What started out 75 years ago as a 32-member group has grown to nearly 30,000 strong today. 1927: It was the year that Charles Lindbergh made the first nonstop transatlantic flight in The Spirit of St. Louis. The year of the first transatlantic telephone call. And the year that “Babe” Ruth became the first professional baseball player to hit 60 home runs in a single season. On October 13 of that year, the first Million Dollar Round Table meeting was held at the Peabody Hotel in Memphis.
As reported by National Underwriter, one member rose and spoke following this historic first meeting saying, “he had never expected so much and gotten so little from any meeting, and he regarded the two hours time spent as time absolutely wasted.”
Reports from that first meeting conveyed the opinions of some in attendance that these successful producers “talk a great deal, but reveal nothing of practical value to those that hear them.”
This may have been the opinion held by some attendees, but over time the meeting agenda evolved–adding the first nonmember to the speaking program in 1929.
The 32-member organization quickly grew–adding the first woman qualifier in 1928, as well as accepting qualifiers from abroad. MDRT almost immediately became an international organization, with representation from Canada, Australia, England, Japan and South Africa, among others.
Throughout the difficult economic times of the 1930s, MDRT continued to grow–and as more members qualified, the need grew to more formalize the operations of the organization. A formal application was developed and the first official bylaws were adopted in 1938.
At this time, the average age of a member was 45, with 15 years of experience in the business. The average amount of insurance written was $1.5 million annually.
When 1941 saw the entry of the United States into World War II, MDRT decided to cancel the meeting in 1942 and again in 1945. Throughout the course of the war, 24 members of MDRT served their country. The organization effectively “froze” its memberships while they served.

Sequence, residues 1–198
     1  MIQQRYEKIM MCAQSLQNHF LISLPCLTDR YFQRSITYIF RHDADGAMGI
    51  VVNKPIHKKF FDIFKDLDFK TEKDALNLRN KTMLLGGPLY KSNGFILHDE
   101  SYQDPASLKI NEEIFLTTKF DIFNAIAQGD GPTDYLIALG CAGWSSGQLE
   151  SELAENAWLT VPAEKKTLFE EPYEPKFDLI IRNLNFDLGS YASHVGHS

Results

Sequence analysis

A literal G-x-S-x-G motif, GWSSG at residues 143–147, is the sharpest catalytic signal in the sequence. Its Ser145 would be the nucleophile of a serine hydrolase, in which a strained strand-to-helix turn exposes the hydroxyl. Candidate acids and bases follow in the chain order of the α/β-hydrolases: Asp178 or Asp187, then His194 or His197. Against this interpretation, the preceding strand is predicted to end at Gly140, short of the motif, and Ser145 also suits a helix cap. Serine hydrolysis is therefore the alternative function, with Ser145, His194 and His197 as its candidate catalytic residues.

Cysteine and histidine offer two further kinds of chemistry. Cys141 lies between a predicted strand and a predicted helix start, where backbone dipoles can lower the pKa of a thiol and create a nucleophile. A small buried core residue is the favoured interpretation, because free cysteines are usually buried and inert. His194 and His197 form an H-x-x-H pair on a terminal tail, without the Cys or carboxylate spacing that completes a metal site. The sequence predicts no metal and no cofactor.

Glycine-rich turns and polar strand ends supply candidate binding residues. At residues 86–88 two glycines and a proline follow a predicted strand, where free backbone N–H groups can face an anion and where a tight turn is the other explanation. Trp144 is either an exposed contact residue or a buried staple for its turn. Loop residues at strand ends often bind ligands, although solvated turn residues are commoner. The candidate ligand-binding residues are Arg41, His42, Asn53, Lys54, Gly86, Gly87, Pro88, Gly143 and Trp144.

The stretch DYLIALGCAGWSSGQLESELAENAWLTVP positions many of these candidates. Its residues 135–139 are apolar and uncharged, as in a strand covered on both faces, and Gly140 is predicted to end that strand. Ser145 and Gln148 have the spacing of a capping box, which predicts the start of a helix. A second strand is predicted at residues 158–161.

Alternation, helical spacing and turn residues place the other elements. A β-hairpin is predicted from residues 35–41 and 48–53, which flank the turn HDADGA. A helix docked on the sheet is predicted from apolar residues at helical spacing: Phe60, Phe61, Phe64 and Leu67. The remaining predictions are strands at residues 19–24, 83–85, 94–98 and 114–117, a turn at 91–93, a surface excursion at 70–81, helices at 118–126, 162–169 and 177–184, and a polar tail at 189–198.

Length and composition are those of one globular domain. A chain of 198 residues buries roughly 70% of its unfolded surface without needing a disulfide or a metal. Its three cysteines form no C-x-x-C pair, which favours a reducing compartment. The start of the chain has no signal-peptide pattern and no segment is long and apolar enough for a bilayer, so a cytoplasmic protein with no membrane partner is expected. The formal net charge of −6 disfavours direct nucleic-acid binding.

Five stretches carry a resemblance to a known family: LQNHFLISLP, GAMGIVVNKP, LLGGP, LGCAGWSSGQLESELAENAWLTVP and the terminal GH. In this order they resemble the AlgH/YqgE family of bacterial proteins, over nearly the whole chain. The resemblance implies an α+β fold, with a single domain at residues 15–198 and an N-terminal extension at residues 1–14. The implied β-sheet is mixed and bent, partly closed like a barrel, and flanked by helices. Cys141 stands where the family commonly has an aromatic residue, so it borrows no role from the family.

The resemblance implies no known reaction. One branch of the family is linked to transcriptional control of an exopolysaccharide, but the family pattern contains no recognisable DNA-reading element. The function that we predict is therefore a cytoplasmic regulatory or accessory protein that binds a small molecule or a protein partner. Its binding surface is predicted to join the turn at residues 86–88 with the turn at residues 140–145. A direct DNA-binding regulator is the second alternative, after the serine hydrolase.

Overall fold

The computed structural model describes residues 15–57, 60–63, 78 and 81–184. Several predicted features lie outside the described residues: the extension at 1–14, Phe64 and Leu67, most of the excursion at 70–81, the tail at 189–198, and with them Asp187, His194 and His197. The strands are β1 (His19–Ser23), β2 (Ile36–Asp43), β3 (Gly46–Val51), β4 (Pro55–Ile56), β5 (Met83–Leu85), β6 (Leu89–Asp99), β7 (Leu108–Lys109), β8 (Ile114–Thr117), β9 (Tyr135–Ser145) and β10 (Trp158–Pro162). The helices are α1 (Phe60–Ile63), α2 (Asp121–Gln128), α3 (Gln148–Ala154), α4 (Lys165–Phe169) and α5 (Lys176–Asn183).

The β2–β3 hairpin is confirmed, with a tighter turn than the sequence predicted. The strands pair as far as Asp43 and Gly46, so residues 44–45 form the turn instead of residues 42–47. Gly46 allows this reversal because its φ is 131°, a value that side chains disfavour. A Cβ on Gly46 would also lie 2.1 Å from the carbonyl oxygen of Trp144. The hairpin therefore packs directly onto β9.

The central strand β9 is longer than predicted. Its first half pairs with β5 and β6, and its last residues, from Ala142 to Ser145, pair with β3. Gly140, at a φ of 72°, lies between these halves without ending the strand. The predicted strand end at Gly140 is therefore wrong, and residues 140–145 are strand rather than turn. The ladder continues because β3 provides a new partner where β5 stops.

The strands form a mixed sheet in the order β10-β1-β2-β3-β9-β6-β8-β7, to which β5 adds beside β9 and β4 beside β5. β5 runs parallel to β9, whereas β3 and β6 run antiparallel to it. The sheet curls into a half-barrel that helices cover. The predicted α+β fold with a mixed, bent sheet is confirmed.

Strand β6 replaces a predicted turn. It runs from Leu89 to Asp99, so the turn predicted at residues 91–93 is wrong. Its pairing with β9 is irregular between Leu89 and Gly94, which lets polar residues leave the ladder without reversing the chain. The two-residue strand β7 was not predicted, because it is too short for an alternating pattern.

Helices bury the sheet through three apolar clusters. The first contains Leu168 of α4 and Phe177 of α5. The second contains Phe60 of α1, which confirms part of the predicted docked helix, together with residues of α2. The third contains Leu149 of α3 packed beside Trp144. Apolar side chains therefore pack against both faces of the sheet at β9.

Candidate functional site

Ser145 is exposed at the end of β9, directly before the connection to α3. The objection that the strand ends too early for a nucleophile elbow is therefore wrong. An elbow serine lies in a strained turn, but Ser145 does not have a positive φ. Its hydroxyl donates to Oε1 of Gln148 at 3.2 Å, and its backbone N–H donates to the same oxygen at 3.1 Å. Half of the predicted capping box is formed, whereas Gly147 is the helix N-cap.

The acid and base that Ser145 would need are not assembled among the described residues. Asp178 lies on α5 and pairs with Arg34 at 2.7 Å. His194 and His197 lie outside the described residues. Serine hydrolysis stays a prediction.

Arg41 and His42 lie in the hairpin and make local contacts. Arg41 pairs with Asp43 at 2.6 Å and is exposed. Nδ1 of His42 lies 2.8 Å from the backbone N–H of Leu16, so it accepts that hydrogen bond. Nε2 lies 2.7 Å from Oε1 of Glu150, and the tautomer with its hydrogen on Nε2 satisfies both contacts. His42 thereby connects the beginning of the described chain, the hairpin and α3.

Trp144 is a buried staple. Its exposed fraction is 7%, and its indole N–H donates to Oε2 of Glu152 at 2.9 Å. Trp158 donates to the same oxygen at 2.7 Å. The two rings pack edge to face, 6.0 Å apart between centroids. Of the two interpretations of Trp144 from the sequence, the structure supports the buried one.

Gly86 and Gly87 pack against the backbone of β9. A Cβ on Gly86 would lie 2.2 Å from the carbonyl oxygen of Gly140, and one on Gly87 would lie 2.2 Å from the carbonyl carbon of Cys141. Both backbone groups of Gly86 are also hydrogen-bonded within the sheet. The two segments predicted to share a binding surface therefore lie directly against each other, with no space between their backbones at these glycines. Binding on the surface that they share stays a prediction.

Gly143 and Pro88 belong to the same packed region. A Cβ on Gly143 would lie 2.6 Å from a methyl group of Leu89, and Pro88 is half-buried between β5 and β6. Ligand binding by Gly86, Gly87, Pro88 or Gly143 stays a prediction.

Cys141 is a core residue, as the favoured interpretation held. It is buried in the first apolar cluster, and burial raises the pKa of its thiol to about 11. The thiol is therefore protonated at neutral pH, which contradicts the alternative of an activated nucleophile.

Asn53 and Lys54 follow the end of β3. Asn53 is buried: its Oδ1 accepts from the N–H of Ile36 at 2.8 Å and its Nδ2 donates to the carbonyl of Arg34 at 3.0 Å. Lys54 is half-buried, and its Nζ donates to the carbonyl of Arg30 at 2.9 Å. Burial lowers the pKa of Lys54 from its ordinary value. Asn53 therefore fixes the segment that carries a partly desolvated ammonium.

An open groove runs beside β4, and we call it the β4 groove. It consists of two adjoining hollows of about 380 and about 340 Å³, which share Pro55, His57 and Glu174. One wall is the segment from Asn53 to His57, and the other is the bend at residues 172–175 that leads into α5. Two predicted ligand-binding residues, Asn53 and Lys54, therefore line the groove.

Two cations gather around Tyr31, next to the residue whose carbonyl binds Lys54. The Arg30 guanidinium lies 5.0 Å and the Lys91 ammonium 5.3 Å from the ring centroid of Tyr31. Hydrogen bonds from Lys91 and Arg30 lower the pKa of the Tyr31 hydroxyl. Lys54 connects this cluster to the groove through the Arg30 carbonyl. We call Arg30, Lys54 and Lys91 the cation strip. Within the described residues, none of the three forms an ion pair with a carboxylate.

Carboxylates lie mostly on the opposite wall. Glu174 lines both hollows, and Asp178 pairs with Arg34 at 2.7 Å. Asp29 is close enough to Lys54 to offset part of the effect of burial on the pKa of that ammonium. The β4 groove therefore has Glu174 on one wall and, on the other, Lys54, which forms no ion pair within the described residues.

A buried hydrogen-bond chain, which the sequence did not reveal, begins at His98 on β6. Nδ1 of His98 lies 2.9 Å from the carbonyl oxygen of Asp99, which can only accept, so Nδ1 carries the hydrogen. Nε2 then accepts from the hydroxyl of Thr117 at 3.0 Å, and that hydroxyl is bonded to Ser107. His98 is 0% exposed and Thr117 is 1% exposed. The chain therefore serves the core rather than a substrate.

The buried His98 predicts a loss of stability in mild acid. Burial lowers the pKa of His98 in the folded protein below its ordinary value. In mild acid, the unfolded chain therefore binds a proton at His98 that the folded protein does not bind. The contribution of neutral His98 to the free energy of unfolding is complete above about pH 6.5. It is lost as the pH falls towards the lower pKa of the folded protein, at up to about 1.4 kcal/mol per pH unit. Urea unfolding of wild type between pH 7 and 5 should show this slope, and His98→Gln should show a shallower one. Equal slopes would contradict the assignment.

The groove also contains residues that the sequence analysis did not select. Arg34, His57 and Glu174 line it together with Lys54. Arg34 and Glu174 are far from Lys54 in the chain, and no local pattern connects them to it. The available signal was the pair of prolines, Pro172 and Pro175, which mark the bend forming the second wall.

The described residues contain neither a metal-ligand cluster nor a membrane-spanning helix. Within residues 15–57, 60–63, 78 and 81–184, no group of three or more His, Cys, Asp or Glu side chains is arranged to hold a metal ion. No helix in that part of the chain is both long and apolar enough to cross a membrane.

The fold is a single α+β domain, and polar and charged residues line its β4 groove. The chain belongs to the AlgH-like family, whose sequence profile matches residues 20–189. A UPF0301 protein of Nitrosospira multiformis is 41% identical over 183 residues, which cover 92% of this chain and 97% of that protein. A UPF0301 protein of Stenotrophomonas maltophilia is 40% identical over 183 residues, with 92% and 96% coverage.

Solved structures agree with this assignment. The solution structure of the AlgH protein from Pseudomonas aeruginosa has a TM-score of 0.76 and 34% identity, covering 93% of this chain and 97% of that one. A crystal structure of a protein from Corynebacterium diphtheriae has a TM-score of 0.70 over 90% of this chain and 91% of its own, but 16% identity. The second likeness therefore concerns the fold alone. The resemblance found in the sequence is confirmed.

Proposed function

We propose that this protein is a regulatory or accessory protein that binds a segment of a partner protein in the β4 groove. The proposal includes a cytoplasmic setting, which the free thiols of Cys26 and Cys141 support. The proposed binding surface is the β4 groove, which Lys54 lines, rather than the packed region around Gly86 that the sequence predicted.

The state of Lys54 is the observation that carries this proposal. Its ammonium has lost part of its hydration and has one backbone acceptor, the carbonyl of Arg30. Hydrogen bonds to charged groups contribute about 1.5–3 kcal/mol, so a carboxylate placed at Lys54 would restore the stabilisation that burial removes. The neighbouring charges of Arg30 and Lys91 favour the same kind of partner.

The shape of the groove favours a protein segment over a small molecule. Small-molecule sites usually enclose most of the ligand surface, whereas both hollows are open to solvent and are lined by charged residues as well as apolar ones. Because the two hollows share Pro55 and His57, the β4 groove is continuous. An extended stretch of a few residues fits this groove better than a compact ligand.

At the end of the war, changes in the tax code brought about the unlimited marital deduction, which quickly became an important estate-planning tool for MDRT members.
In 1959, the Million Dollar Round Table Foundation was formed. It would eventually lend its support to more than 1,400 charitable organizations, with gifts totaling over $10 million.
Then, in 1961, following a presentation by Dr. Mortimer J. Adler at the annual meeting, the Whole Person concept was introduced. This concept, which remains a touchstone among MDRT members, focuses on maintaining a balance in all aspects of an agents life–family, health, education, career, service, financial and spiritual. Many agents today recognize this concept as something that has dramatically changed their lives.
The 1960s carried a focus of education, with MDRT donating several scholarships to numerous colleges and universities. And at the end of the decade in 1969, the MDRT Foundation committed $1.5 million to finance the building of Foundation Hall at the American College in Bryn Mawr, Pa.